Larry A. Law
Potassium is a mineral that your body uses as an electrolyte to conduct electricity. Like magnesium, potassium also works to relax the walls of arteries, keep muscles from cramping, and lower blood pressure. Dr. Paul Whelton of Tulane University found that low levels of potassium correlated with high blood pressure. He stated, "Increased potassium intake should be considered as a recommendation for prevention and treatment of hypertension (high blood pressure)" and to reduce the risk of stroke.
High blood pressure increases the risk of stroke since it causes blood vessels in your brain to rupture or clog more easily. In both cases, oxygen supply to part of the brain stops and a stroke results. The increased workload on the heart can also result in heart failure. Smaller arteries can become damaged and oxygen supplies to organs like the kidneys or eyes can be reduced leading to kidney failure and blindness.
Sodium to Potassium Ratio
Doctors recommend people consume five times more potassium than sodium. Unfortunately, most Americans eat two times more sodium than potassium. Getting more vegetables in your diet and less processed food are key to restoring this balance. A note on salt: salt has been demonized by the medical establishment as the major problem causing hypertension. The commercially refined and processed table salt certainly is a problem and is overly abundant in processed foods. However, natural, unprocessed, real salt is never a problem. This type of salt has a mix of minerals (including potassium and many trace minerals) that are essential for health. Definitely avoid the purified, laboratory-processed sodium chloride sold as salt in the stores, but buy and use real salt. Feel free to reach out to Angie if you'd like our opinion on a good option.
Foods High in Potassium
Foods rich in potassium include sweet potatoes, tomatoes, spinach, beets, black beans, wild-caught salmon, butternut squash, apricots, cantaloupe, Swiss chard, mushrooms, tuna, bananas, avocado, and edamame. Potassium in inorganic supplements often comes as potassium chloride which should be avoided. Potassium in fruits and vegetables comes primarily as plant-based potassium citrate or potassium malate. These forms of potassium create a more alkaline (non-acidic) environment in the body. Scientists have discovered that an overly-acidic environment leads to bone loss as the body removes the calcium (an alkaline mineral) from bones to neutralize the acidity. This excessive breakdown of bone leads to disease.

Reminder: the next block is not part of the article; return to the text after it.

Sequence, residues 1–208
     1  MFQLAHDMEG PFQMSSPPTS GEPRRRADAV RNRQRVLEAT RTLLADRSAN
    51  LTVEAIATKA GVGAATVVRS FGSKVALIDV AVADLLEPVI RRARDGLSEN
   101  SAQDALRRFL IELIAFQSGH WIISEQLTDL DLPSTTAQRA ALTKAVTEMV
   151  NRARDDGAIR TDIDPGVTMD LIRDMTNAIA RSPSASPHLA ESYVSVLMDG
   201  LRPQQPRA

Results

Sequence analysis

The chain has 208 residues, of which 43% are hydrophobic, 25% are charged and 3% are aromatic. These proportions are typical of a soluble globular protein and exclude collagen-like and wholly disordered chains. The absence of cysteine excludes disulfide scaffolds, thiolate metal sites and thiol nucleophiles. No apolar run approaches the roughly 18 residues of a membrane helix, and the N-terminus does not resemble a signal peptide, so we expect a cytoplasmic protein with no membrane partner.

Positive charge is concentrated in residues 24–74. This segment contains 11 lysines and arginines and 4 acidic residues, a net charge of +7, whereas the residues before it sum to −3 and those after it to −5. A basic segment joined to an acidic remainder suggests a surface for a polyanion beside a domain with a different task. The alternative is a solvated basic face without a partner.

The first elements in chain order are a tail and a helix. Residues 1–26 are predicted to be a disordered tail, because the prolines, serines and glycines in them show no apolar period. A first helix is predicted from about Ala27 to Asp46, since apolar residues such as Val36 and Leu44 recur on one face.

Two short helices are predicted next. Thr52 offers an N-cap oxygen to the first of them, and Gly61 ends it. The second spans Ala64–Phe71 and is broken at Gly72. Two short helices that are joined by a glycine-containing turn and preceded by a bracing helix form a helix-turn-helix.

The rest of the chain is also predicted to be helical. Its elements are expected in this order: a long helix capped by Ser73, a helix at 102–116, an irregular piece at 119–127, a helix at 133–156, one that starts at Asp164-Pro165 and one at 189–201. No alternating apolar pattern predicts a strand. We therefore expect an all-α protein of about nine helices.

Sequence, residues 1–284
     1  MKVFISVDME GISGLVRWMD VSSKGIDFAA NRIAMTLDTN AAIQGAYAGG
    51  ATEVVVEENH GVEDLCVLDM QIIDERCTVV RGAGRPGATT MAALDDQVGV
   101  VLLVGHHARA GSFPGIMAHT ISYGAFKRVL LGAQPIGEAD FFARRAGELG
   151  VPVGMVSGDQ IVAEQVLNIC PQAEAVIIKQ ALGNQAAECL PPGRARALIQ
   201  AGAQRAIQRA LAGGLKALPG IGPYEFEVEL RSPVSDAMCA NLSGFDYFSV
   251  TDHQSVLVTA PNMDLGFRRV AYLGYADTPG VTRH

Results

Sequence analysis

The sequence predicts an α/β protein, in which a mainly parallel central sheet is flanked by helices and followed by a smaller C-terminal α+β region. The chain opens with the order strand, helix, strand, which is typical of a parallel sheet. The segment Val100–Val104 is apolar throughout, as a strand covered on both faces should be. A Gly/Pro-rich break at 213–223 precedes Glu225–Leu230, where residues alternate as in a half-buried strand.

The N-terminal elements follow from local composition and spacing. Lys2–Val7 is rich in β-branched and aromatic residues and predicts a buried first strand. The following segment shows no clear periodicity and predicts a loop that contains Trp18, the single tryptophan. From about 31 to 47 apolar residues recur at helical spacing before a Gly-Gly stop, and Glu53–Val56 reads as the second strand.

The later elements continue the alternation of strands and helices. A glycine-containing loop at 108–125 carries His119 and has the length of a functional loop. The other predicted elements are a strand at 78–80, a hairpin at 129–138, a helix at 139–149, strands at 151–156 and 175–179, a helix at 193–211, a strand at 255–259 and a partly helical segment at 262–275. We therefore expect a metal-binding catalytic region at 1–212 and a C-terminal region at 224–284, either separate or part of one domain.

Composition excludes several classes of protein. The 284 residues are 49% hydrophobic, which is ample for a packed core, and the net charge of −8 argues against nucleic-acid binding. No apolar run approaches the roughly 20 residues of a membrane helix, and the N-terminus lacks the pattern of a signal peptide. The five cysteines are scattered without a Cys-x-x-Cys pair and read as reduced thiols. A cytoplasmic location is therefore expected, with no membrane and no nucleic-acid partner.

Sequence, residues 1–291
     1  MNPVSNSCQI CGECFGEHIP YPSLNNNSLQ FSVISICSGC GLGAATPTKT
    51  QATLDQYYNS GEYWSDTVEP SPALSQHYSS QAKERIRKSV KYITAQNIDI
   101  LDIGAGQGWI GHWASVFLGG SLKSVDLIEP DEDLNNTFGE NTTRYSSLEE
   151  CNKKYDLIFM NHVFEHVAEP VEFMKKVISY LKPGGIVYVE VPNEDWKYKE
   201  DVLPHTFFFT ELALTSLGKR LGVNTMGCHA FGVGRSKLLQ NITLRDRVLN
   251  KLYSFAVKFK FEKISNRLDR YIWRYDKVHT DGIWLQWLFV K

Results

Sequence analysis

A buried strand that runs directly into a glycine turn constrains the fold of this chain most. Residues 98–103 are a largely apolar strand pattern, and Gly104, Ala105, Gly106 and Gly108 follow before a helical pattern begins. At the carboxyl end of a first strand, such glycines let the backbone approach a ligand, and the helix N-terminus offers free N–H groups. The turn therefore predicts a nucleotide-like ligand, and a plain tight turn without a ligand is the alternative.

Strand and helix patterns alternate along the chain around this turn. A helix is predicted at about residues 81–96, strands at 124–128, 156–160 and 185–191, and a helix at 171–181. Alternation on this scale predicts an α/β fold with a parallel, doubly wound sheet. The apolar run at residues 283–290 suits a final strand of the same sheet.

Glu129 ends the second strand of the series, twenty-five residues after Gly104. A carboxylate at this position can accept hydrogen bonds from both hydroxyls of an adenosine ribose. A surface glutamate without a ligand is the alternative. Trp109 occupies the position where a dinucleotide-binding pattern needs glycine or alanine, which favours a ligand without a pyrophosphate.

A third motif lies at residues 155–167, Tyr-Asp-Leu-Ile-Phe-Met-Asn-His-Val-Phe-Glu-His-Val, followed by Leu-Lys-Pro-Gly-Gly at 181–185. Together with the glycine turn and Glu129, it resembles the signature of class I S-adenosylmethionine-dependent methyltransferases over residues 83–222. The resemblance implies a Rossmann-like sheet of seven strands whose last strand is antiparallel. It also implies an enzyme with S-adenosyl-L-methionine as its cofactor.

A diet with too much sugar in the form of high-fructose corn syrup (HFCS) can cause problems. In addition, most HFCS is bioengineered (GMO). Fructose elevates uric acid in the body, which drives up blood pressure by inhibiting the nitric oxide in your blood vessels. Nitric oxide helps blood vessels maintain their elasticity which allows them to help the heart push the blood along.
In addition, high blood pressure is associated with insulin resistance. Insulin glycoprotein cell receptors become damaged, leading to insulin resistance and the inability to store magnesium within the cell. The magnesium will pass out of your body through urination. Magnesium properly stored in your cells allows muscles to relax. Without it, blood vessels will constrict rather than relax and this constriction raises blood pressure. So, eating real food and cutting down on carbohydrates works in myriad ways to lower hypertension and promote health.
Of course, the sugar nutrients that allow cells to form healthy glycoprotein cell receptors are the first key to lowering blood pressure. For more information, see my book, There's An Elephant in the Room--Exposing Hidden Truths in the Science of Health, chapter 27, for all the details. As always, feel free to reach out if you have any questions.